Note that mineral supplements (calcium, magnesium, potassium) decrease cardio-respiratory stress and blood lactate responses, while improving power output in endurance athletes. That’s why long-distance runners sometimes supplement with sodium bicarbonate.
This practice would seem to support the benefits of mineralized water.
Tap water is disinfected to protect us from bacteria and toxins. But when disinfectants interact with organic matter in our tap water, disinfectant by-products form. DBPs can lead to health and environmental problems – a good reason to avoid them.
Alkaline water seems to break down some DBPs, neutralizing their dangers to us. Meanwhile, alkaline urine might help to draw certain environmental toxins and pharmaceuticals from the body, another potential benefit.
Sounds great, right? But other DBPs seem to thrive in an alkaline environment.
So all in all, alkaline water is not necessarily better at protecting us from toxins.
Oxidation-reduction potential (ORP) is a measure of the tendency of a solution to either gain or lose electrons when it is subject to change by the introduction of a new species.
ORP seems to influence bacteria in the gut. Electrochemically activated (i.e. ionized) water possesses a negative oxidation-reduction potential, which means it might offer extra disinfectant properties, helping to protect us from dangerous microorganisms.
Glycation is a reaction that takes place when simple sugar molecules, such as fructose or glucose, become attached to proteins or lipid fats without the moderation of an enzyme. This results in the formation of rogue molecules known as advanced glycation endproducts (AGEs). AGEs are associated with health risks such as Alzheimer’s and diabetes.
Ionized water seems to result in lowered glycation levels and reduced liver damage in rats with poor blood sugar control.
Now, rats are not humans, and it is tricky to extrapolate directly from animal studies to human health. Even so, this evidence is worth weighing in the balance.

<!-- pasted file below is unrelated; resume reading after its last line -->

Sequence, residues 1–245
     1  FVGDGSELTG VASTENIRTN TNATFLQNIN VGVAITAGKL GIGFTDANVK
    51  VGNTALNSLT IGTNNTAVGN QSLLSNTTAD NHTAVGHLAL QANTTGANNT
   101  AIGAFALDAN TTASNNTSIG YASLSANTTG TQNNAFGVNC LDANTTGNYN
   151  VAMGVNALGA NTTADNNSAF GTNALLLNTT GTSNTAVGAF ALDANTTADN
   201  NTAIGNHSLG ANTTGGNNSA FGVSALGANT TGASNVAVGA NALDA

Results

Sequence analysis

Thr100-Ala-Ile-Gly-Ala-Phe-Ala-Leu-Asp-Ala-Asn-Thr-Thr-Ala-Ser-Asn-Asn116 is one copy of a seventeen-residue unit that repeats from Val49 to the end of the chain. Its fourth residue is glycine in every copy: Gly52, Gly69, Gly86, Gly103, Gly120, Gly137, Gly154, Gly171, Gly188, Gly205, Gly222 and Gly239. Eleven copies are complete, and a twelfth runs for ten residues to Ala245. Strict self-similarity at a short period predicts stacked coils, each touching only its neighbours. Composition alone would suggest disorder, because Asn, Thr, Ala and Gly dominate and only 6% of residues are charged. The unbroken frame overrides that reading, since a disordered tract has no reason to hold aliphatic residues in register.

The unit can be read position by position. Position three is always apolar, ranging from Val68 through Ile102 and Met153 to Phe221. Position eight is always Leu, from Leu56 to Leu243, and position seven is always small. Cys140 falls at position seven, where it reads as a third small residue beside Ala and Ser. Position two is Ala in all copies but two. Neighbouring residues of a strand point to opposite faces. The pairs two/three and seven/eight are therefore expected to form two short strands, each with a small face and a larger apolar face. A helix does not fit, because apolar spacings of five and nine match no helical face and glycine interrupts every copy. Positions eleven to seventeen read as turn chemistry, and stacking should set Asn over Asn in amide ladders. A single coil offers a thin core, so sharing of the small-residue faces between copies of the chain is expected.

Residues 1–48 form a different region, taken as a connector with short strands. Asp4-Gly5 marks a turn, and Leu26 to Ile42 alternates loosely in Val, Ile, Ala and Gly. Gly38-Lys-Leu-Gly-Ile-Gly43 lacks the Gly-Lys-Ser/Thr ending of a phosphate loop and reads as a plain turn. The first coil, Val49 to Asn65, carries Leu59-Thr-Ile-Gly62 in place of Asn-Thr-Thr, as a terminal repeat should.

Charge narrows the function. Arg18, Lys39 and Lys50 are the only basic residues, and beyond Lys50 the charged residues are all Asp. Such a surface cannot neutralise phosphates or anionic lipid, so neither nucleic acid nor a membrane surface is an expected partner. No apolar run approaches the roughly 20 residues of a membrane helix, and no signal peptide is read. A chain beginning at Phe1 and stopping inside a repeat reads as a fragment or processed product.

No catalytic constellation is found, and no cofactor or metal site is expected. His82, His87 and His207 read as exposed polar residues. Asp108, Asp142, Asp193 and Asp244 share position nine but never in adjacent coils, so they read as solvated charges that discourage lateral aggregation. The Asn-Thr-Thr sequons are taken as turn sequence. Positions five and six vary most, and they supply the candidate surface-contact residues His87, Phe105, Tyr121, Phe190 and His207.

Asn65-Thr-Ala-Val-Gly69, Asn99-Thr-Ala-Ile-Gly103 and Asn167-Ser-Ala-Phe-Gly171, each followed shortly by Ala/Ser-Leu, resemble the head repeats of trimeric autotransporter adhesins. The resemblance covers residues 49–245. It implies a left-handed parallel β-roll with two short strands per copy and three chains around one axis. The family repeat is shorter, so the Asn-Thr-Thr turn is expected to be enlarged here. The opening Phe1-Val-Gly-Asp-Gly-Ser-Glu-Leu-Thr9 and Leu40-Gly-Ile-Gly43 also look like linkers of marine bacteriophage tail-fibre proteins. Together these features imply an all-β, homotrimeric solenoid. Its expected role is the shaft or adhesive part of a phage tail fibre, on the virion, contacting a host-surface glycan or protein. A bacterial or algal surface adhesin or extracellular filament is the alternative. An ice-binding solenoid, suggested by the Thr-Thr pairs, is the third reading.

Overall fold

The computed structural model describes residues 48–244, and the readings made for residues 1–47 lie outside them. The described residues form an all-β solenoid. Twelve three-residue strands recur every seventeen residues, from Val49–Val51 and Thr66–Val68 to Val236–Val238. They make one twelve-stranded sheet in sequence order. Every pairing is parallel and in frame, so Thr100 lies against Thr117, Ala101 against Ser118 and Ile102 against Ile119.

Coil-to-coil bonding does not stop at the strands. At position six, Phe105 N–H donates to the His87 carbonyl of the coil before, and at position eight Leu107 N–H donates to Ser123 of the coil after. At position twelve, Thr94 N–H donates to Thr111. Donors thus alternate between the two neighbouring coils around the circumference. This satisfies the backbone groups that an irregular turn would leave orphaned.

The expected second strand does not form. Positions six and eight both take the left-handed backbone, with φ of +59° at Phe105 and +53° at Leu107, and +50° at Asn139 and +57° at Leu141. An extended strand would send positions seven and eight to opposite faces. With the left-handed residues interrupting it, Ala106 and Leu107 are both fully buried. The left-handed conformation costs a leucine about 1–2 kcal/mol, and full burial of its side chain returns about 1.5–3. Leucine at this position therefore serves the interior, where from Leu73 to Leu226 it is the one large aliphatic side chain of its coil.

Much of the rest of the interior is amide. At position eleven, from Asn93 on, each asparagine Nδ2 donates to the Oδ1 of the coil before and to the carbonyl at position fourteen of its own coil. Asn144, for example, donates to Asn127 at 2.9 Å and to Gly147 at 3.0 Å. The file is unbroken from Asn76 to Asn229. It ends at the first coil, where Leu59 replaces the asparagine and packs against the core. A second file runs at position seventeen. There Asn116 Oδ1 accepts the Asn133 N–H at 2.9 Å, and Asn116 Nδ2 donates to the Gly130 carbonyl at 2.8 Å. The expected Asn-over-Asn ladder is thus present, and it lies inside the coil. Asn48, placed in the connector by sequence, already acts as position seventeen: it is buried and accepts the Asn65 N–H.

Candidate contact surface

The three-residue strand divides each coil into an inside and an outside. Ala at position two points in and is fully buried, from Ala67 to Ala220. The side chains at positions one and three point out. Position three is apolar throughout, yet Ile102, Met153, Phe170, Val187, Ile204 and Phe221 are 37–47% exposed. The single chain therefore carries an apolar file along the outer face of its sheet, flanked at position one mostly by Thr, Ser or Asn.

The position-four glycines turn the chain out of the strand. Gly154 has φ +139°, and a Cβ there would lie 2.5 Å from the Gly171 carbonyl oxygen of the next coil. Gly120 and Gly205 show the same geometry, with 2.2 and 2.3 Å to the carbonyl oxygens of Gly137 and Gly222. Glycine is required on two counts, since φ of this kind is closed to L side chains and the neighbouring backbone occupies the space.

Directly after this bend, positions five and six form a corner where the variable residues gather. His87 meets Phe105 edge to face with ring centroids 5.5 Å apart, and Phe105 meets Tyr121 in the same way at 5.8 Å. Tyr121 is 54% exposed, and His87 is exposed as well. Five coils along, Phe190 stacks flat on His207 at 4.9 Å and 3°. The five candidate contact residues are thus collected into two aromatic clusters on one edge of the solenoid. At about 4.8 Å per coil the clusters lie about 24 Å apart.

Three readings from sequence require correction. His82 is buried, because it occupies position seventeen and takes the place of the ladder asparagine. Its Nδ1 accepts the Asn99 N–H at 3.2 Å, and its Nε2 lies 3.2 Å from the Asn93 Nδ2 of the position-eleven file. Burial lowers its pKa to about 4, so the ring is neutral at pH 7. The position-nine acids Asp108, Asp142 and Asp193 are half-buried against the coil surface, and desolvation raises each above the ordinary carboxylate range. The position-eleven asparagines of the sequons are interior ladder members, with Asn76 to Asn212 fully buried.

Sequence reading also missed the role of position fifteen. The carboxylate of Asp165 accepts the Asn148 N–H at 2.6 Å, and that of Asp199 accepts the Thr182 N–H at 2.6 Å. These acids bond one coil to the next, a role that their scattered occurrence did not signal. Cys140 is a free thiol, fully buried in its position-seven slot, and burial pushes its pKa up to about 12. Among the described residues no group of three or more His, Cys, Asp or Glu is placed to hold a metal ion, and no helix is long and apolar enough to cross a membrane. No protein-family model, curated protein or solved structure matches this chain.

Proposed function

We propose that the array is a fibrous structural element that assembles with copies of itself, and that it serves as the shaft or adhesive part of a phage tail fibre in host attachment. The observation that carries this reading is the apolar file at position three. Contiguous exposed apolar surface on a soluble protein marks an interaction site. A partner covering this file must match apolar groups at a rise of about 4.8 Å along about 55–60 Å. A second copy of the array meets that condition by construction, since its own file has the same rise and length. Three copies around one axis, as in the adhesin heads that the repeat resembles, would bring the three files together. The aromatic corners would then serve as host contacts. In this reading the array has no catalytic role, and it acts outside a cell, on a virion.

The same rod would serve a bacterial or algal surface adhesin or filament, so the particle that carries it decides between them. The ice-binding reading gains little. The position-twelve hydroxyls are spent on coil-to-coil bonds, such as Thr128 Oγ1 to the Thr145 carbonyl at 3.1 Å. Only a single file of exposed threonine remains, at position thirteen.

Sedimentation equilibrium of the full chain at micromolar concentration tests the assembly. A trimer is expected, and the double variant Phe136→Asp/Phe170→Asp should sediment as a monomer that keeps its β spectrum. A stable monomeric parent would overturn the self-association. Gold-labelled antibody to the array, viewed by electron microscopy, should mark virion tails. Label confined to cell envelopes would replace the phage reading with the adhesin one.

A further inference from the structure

The evidence: A quick snapshot
Here’s a brief overview of the claims for alkaline water and the clinical research evidence that currently supports them.
Where can you find alkaline water?
Suppose cost isn’t an issue and you’d like to try alkaline water anyway. (Just because science hasn’t validated — or invalidate — the claims doesn’t mean they’re not true.)
How can you make sure you’re getting it if it doesn’t come through your tap?
Hydration is the third largest global industry, trailing only oil and electricity. Americans spend almost $8 billion per year on bottled water!
Is bottled water alkaline? That depends.
Bottled mineral waters tend to be alkaline. Non-mineral bottled waters are unlikely to be alkaline. But adding mineral powders to regular tap water can make them alkaline.
I followed up with some of the companies to double check the numbers presented in test results.
- Essentia guarantees 9.5 on the website (which is more alkaline).
- Dasani ranges between 5.0-7.0 (which is less alkaline or neutral).
- Aquafina ranges between 5.5-7.0 (which is less alkaline or neutral).
- Smartwater has a pH of about 7.0 (which is neutral).
- Evian has a pH of 7.2 (which is more alkaline).
Can you make alkaline water?
If your local tap water is especially acidic, you might be wondering if it’s possible to fix that.
You can buy a machine, called a water ionizer, which supposedly creates alkaline water via a process called ionization.
Manufacturers claim that these machines allow water to interact with electrodes to split hydrogen ions from oxygen, influencing the pH of the water.
However, most chemists say that “ionized water” is a meaningless term, and that health claims made for ionized water are unfounded.
On the other hand, JB did a series of experiments with an ionizer and found the water’s pH consistently more alkaline.
He also found that his urinary pH was consistently more alkaline when drinking the ionized water.
Whether this makes a significant health difference — or not — remains to be seen.
What to do
Right now, it’s not clear from the available evidence whether alkaline water does us any good. There’s no hard data either way.
But for most people, drinking alkaline water won’t hurt.
So unless you suffer from kidney problems, you might want to consider adding some alkaline water to your diet. And so far, water with naturally occurring minerals seems to be your best bet as an alkaline water source.
Meanwhile, unfiltered tap water may include problematic compounds. (If possible, get a filter.)
My personal solution? I’ll continue to filter my tap water, and add water with naturally occurring minerals on occasion.
JB’s experiments with alkaline water (See the video entitled: Self Experiments: How to Become Your Own Science Project for a full report.)